The lead counsel designation is a plum assignment, meaningBernstein Liebhard will a play major role in overseeing the litigation,arguing motions and negotiating any settlement with Federated. In light ofFederated's $72 million settlement with securities regulators lastNovember, Bernstein Liebhard is looking at a possible multimillion-dollarpayday for its efforts.

All in all, the New York-based law firm has been on a tear for thepast few years. The

National Law Journal

recently namedBernstein Liebhard as one of the country's "hot'' plaintiffs' firms.It played a starring role in negotiating a partial $1 billionsettlement in a class-action lawsuit that alleges 55 Wall Street investmentfirms defrauded investors by artificially inflating the value of hundreds ofdot-com IPOs in the late 1990s. Bernstein Liebhard was also co-leadcounsel in a securities class action against


( DT) that settled last year for $120 million.

, which publishes thisWeb site, was one of the 309 dot-com defendants that signed on to thepartial $1 billion settlement in the so-called IPO class action.

No Interest

In a series of email exchanges, Lifshitz downplayed thesignificance of the charitable trusts' investments in Colbart Birnet.He said any suggestion of a conflict of interest involving himself, orhis law firm, is simply wrong.

"I do not have any interest -- minority or otherwise -- in ColbartBirnet L.P. A charity of which I am a trustee does,'' says Lifshitz."I do not benefit from the charity and I am not a beneficial owner ofit."

Lifshitz says the law firm recently contacted Roy Simon, a lawprofessor who specializes in legal ethics, about its dealings withColbart Birnet, and the professor "reiterated our advice that thefirms' conduct fully complied with all ethical and legal obligations."

Simon, the Howard Lichtenstein distinguished professor of legalethics at Hofstra University School of Law, says he sees no potentialfor a conflict of interest involving the investments by the charitabletrusts in Colbart Birnet. Simon says he was recently retained byBernstein Liebhard to advise it on the Colbart Birnet situation.

"This is not something that worries me from a conflictperspective,'' says Simon. "I can't understand why this would have animpact on his judgment.''

Simon says he sees no potential quid pro quo in the investments bythe charitable trusts because Colbart Birnet was a client of the lawfirm before the investments were made.

Three Entities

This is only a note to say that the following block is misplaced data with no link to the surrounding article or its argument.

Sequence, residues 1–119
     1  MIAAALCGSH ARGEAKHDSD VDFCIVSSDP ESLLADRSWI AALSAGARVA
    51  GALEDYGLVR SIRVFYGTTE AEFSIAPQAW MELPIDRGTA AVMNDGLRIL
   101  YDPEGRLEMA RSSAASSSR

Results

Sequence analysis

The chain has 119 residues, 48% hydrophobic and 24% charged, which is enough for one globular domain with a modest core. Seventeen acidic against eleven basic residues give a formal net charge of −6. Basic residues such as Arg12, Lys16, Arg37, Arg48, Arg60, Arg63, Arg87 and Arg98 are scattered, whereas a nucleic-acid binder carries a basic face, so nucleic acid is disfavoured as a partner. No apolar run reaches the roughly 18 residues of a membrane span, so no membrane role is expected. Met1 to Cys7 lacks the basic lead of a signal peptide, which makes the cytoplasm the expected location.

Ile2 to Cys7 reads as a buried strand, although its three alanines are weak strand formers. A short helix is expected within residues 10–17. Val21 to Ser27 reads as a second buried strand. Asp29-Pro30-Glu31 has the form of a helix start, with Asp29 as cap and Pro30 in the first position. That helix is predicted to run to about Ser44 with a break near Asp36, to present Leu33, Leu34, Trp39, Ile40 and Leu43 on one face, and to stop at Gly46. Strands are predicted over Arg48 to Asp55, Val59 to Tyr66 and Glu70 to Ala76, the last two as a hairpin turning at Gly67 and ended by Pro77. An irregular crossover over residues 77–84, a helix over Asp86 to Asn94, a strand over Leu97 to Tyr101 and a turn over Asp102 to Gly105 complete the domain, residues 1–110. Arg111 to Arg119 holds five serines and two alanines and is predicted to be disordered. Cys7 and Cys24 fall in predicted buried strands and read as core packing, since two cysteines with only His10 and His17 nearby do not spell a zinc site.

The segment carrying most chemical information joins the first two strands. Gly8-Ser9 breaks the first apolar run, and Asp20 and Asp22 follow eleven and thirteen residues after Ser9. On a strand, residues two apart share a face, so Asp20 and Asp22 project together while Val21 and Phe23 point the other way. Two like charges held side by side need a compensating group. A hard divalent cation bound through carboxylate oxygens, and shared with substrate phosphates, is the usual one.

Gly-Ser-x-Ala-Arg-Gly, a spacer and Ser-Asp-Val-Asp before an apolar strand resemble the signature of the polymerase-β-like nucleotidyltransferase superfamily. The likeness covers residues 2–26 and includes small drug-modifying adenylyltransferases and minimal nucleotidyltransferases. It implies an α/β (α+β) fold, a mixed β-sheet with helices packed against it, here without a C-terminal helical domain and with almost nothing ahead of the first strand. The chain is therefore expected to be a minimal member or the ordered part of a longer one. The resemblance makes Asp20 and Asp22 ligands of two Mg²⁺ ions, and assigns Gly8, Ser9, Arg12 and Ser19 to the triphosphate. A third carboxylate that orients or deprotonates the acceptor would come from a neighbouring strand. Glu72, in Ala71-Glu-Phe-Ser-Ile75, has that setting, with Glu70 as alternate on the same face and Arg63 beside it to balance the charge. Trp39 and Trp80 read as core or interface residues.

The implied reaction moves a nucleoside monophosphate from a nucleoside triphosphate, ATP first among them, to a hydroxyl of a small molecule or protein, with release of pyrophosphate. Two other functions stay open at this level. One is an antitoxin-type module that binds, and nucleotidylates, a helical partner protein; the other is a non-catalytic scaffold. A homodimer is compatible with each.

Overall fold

Delaware corporate records reveal three entities bearing theColbart Birnet name: Colbart Birnet Asset Management, Colbart BirnetII and Colbart Birnet IV. Colbert Birnet II is the one that receivedinvestments from the Lifshitz and Bernstein Liebhard family trusts. Inthe Federated case, Colbart Birnet, Colbart Birnet II and ColbartBirnet IV are listed as plaintiffs represented by Bernstein Leibhard.

A business profile obtained from corporatedatabase Experian says Colbart Birnet employs two people and hadestimated sales of $514,000.

Since 2003, the Colbart entities have been frequent investors inprivate stock placements by small, cash-strapped companies that tradefor under a $1 a share. On Wall Street, these deals are commonlycalled PIPEs, or private investments in public equity.

But Colbart apparently also has other investments. In theFederated case, a declaration filed by Colbart Birnet says it boughtand sold about 2 million shares of various Federated funds from 1999through 2001.

Human Error

Some federal filings, however, paint a conflicting picture ofLifshitz's interest in Colbart Birnet.

Last year, five regulatory filings made in connection with theregistration and sale of stock by



, a smallNew York firm that provides services to brokerages, listed Lifshitz asone of Colbart Birnet's "beneficial owners.'' The other listed ownersare Ezra Birnbaum and Eli Levitan, a New York lawyer.

Birnbaum is president of Pond Equities, a New York brokerage firmthat has been a longtime client of Bernstein Liebhard. Over the years,Pond Equities has appeared as a plaintiff, sometimes in a lead plaintiffrole, in 32 securities class actions filed by Bernstein Liebhard in federalcourt.